May 24, 2018 / Modified may 31, 2018 2:02 p.m.

Pulling Back the Curtain on "Oaf"

Also on Arizona Spotlight: Conserving water today to prevent a crisis in two years; Tucson readers share their best-loved novels for "The Great American Read"; the harmonious sounds created by Tibetan singing bowls.

oaf hero Matt Walley as the title character in the play "Oaf". (PHOTO: Tim Fuller)

LISTEN

Featured on the May 25, 2018 edition of ARIZONA SPOTLIGHT with host Mark McLemore:

  • Federal officials recently issued a grim forecast for the Colorado River. After a winter with very little snow in the Rockies, The U.S. Bureau of Reclamation says there's more than a fifty percent chance that Lake Mead will fall into shortage in 2020. That's ramping up pressure on lower basin states to sign onto a plan to reduce their water usage. Vanessa Barchfield teamed up with the Arizona Daily Star's Tony Davis to explore what the plan is, and why Arizonans - in particular - should care.
Lake Mead Hoover Dam spot A view from the Lake Mead side of the Hoover Dam.
  • The new play Oaf at The Scoundrel & Scamp Theatre in Tucson is an almost wordless odyssey into the bizarre world of a circus performer who often finds the challenges of life stacked against him. Andrew Brown profiles co-creator/ director Wolfe Bowart and co-creator / performer Matt Walley about creating art that is "NOT intended for mature audiences".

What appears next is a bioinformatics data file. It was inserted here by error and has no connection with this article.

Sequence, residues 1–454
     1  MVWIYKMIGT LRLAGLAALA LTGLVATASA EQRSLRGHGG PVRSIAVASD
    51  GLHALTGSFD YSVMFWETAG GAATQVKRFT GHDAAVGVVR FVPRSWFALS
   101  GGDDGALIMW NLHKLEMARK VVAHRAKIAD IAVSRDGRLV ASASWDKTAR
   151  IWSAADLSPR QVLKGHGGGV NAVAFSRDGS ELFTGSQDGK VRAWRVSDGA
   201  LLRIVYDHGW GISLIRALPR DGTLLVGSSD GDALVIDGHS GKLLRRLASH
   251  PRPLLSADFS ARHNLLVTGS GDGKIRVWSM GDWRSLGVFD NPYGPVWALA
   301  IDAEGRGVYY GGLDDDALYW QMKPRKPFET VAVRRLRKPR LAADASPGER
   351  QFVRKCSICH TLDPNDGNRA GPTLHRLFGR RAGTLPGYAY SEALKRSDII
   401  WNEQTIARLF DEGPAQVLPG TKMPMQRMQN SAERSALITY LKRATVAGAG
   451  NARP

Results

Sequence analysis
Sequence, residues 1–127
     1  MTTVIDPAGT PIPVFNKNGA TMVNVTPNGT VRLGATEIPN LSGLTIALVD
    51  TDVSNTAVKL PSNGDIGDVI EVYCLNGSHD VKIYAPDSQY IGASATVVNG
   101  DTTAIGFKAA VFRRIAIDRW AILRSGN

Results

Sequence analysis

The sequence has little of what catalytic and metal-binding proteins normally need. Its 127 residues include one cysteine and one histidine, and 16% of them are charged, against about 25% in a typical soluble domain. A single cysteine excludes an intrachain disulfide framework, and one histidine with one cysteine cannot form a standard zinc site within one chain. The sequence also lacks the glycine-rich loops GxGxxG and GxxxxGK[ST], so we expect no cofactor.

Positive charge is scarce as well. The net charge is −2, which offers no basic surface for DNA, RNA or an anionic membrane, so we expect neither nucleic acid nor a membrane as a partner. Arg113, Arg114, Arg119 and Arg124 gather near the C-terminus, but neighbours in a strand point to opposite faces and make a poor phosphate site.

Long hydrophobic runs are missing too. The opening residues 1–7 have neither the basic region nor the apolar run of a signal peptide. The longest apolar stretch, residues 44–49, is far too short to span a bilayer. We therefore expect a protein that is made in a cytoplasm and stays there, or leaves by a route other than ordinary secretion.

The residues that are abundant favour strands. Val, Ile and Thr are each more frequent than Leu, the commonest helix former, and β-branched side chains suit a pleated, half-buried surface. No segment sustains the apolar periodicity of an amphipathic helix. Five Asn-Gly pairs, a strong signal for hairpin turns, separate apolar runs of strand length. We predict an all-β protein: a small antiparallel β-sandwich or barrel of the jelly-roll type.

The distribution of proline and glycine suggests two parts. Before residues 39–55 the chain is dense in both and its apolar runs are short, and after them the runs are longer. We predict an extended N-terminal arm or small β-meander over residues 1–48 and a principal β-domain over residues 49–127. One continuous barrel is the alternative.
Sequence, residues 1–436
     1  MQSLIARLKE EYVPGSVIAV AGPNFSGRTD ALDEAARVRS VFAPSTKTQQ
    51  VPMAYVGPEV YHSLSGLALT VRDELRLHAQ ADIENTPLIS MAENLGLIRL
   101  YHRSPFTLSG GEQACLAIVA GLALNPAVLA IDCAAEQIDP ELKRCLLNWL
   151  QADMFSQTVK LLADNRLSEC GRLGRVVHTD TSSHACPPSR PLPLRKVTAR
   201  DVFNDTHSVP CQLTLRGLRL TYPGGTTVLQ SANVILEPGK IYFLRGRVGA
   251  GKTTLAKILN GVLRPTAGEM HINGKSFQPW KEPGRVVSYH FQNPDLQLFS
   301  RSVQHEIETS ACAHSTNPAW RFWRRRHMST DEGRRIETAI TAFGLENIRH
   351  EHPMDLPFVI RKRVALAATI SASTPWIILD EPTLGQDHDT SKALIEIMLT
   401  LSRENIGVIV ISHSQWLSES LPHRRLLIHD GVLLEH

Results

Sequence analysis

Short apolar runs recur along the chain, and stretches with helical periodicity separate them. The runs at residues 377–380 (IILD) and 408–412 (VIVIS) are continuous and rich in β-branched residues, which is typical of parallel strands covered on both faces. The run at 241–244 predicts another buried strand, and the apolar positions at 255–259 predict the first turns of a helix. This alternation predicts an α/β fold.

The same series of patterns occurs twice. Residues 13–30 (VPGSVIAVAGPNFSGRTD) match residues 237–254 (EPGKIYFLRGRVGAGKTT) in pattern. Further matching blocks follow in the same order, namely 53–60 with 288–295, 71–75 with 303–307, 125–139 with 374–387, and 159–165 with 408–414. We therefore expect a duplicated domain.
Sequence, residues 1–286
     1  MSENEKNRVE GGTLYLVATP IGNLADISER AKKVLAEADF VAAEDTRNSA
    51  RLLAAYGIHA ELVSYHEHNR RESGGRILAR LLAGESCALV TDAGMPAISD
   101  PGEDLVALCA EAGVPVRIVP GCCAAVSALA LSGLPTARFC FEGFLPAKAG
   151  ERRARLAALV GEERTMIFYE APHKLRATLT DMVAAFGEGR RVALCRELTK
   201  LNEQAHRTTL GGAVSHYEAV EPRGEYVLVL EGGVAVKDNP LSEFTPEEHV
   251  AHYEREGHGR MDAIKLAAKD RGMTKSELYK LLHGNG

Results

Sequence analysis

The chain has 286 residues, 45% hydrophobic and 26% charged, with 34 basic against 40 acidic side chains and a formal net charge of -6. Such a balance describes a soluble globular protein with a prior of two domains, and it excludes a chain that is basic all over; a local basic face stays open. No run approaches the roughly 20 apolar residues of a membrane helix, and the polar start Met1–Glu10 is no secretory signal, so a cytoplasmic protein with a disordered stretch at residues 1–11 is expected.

oaf spotlight Matt Walley as the title character in the play "Oaf". (PHOTO: Tim Fuller)
  • PBS is inviting everyone to read more books this summer with The Great American Read, and you can help to decide which book deserves to be called America's best loved novel. Mark McLemore meets some avid readers at the Murphy-Wilmot library in Tucson to ask for their recommendations, regardless of whether the book they love made the The Great American Read 100 book list.

Neil deGrasse Tyson tgar Neil deGrasse Tyson, The Great American Read premieres May 22 on PBS 6. (PHOTO: Stephanie Berger/PBS)

  • And, meet Paul Grady Lee, a Tucson resident who has found comfort and relief in in the sound produced by ancient instruments called Tibetan singing bowls. Tony Paniagua finds out why Lee thinks it is important to share these healing sounds with others in the community.
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